In Buddhist philosophy, “Dharma” refers to “the way things are,” the laws of nature and also refers to the collection of Buddhist teachings. Our “Earth Dharma” collection will offer Buddhist teachings on our fundamental relationship to the earth and each other, the Dharma of climate change and new ways to tell our own, collective story.
We begin with the fundamental principle of unbiased loving-kindness, described here in the Metta Sutta:
May all beings be at ease. Whatever living beings there may be,
Whether they are weak or strong, omitting none, the great or the mighty, medium, short or small,
The seen and the unseen,those living near and far away, those born to-be-born–
May all beings be at ease! Let none deceive another, 0r despise any being in any state.
Let none through anger or ill-will wish harm upon another.
Even as a mother protects with her life her child, her only child,
So with a boundless heart should one cherish all living beings;
Radiating kindness over the entire world.
A veteran advocate and teacher of socially engaged dharma offers six practices to help us better face the climate emergency, as individuals and in community.Go Deeper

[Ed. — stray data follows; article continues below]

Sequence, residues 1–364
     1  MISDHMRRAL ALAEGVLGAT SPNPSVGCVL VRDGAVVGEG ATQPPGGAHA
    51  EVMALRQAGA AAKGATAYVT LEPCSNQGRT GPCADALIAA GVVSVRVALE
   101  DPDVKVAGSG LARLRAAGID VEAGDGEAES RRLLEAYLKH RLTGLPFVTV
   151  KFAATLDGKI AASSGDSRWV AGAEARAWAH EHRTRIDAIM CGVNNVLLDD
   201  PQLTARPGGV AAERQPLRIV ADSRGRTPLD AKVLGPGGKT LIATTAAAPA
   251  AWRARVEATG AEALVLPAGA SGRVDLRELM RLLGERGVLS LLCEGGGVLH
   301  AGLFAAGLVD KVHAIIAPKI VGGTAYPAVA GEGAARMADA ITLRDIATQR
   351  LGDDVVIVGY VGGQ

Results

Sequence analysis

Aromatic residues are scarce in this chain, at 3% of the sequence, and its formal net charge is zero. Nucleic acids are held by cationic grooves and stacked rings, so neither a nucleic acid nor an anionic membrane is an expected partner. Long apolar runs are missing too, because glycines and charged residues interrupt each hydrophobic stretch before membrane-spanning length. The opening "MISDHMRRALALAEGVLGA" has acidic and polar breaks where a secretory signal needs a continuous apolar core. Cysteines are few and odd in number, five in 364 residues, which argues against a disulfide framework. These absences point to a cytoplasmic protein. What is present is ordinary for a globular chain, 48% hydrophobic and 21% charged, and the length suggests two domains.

The natural and social systems that sustain us are losing their stability, observes Joanna Macy. This state of bardo, or transition, can be painful and frightening—but if we face the reality of collapse and cultivate inner stability, we can find the courage to faithfully serve all that we love.Go Deeper
The renowned environmental activist talks with members of Thích Nhất Hạnh’s Plum Village about why we need to abandon Western hyper-individualism and consumer culture and learn to live more simply in community.Go Deeper
Recent events of racial violence by state actors reveal but one aspect of the tendency towards domination that is latent in our culture. Our work to end ecological devastation then necessarily includes the eradication of the persistent, shape-shifting, and devastating pattern of white supremacy, starting with our own minds.Go Deeper